Bitcoin & Crypto & NFT News
Blockchain gaming is now in style, with yet another successful cryptocurrency ICO. Whereas Spells of Genesis uses the Bitcoin blockchain to secure its in-game assets, Beyond the Void has integrated with Ethereum, its Turing-complete cousin. In a partnership with its predecessor, BtV managed to crowdfund 515,143 BitCrystals as well as 30,395 ETH.
Beyond the Void’s Nexium tokens have since rocketed past their ICO value on Poloniex, and development of the game itself is well underway. As usual, the Blockchain Gaming series is taking a look at this title to help you decide if it’s worth buying into, and how excited you should be to start playing the first blockchain RTS.
Nexium (NXC) derives its value from its usefulness to Beyond the Void players. It’s necessary to use the in-game shop, which is where you get all the vanity items. Despite having no real gameplay effect, they cause multiplayer online battle arena games like Defense of the Ancients to earn hundreds of millions of dollars in revenue. Beyond the Void takes the NXC, burns half of them, and dispenses items as Ethereum assets.
That sounds like great economics, and has so far proven to be, but how does it really work? The most basic cryptocurrencies on Ethereum are smart contracts with one function: they let you send and receive amounts of some variable, in this case NXC. They also define the initial coin supply, with Nexium’s being as according to their crowdsale distribution. This allowed them to have a more decentralized ICO than was possible for Spells of Genesis, which relied on Bitcoin via Counterparty.
The in-game items are basically smart contracts, as well. They will probably also automate the burning process, which would be done by filtering spent NXC through a smart contract before arrival in the developers’ wallets. That makes Beyond the Void more decentralized than Spells of Genesis but less so than Huntercoin; overall, though, it’s pretty great. It would be expensive to hold all gamestate calculations (such as pathfinding and movement) on Ethereum directly.
The story does not appear to be the primary focus of this game, so there aren’t many details about it–at least not yet. I think it has potential, though, despite the sci-fi cheesiness, as it ties in well to how the gameplay functions. I would recommend creating some iconic characters, especially since Beyond the Void has strong MOBA elements. DotA characters have developed a following, for example.
Basically, though, humanity discovered a new form of matter known as “the Cube,” which allowed intergalactic travel and the acceleration of civilization. Unfortunately, it is a scarce commodity, so warring houses known as the Harkon, Asgar, Syan, Morsith and Estherid have been fighting over it in increasingly remote regions of space. That makes it the primary in-match resource, like minerals in StarCraft.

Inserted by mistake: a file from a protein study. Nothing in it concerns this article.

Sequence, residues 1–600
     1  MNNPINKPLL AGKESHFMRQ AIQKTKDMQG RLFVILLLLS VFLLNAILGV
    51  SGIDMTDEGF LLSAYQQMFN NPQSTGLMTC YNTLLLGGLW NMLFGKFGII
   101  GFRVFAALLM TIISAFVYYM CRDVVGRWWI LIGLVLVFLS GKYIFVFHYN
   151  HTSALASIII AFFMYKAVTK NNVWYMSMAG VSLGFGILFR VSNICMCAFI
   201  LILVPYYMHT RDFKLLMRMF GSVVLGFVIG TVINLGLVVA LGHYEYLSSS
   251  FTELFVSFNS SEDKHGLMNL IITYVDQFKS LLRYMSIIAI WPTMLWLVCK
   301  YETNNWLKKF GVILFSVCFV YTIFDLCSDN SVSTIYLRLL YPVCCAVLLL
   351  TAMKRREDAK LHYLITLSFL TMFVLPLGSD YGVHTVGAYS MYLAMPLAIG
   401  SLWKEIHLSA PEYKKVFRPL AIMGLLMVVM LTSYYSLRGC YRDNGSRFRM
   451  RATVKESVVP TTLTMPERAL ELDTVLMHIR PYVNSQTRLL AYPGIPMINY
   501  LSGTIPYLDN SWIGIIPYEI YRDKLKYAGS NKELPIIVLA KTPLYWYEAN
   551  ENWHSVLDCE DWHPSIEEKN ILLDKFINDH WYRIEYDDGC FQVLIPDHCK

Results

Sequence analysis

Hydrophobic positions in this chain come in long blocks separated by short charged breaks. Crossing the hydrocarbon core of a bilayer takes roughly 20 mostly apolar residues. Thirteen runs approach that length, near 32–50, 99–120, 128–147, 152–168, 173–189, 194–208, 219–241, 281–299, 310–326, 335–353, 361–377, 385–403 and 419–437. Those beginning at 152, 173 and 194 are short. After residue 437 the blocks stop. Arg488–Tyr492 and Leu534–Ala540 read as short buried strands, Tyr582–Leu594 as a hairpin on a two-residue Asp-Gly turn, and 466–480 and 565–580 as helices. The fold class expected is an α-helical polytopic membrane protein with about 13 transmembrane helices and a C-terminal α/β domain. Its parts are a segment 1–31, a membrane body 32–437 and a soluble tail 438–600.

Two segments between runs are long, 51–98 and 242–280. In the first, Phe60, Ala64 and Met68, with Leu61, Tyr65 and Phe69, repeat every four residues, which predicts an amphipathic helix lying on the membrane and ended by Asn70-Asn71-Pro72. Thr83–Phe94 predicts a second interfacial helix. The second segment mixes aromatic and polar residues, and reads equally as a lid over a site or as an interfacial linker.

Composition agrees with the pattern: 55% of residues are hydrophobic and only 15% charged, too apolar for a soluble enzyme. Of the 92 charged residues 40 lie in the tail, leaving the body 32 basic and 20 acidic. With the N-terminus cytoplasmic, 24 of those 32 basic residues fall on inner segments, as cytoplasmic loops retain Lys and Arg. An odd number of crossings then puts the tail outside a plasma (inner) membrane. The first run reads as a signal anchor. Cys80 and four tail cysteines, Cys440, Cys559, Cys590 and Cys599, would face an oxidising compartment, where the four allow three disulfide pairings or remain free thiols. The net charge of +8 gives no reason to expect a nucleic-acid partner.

A match in Beyond the Void consists of a heads-up battle between two players, each in control of a Mothership in a six-planet solar system with multiple asteroid fields. Weekly-bestowed Event Cards (which can be purchased permanently in the shop for Nexium) can rotate the orbital bodies as planets are wont to do, or have other effects such as altering the rules or bringing content into the game.
Once conquered, planets and asteroid fields will yield that precious Cube, which you need to build your fleet, research technologies to assist you, and use your Skills. Each Mothership gets two Skills: a powerful Ultimate Skill that typically affects a target, and a Passive Skill that continually affects an area. They can be used to deal damage, quickly traverse the map, boost your fleet, or incapacitate the enemy’s. As in other MOBA games, they can also completely turn the tide of battle.
To achieve victory, your Mothership has to work together with your fleet, which is controlled as in typical real-time strategy games. Ships range in size, strength, speed and ability, and are built by satellites which orbit your planets. Satellites are also needed to research technology, and can be used to defend their stations. You’ll need to expand and hold your ground to fund these endeavors, which is typical of the RTS genre.
The winner of the match earns Game Points, which are the only way to unlock skills and other cool content. It sounds simple, but having played both DotA and StarCraft excessively, I’m actually excited for this combination. Maybe I could fulfill my dreams of playing turtle-style by using my Mothership to take out those pesky long-ranged units.
I read some FUD about Beyond the Void’s graphics on bitcointalk, but I found it to be exaggerated. I’ve watched the trailers, and the game looks pretty cool to me. Then again, I’m one of those strategy gamers who lives to watch the simulation unfold, and BtV has all the swarming little fighter drones and ships firing independently that make my eyes water. Unlike first person shooters, those functional details matter more than high-resolution character skins.
That being said, higher resolution in general always improves a game, but unit and terrain details are easier to upgrade later than basic unit mechanics. Meanwhile, the sound is basically a lot of space warfare sound effects, but the trailer music goes well with it. Hopefully they develop a distinctive style.
All of these things will be upgraded, though, as Beyond the Void is still in private alpha stage, with the open beta scheduled for April and the final game for June. With the development funds at their disposal, that gives plenty of time to polish things a bit. We look forward to reviewing it in full in a future Blockchain Gaming installment.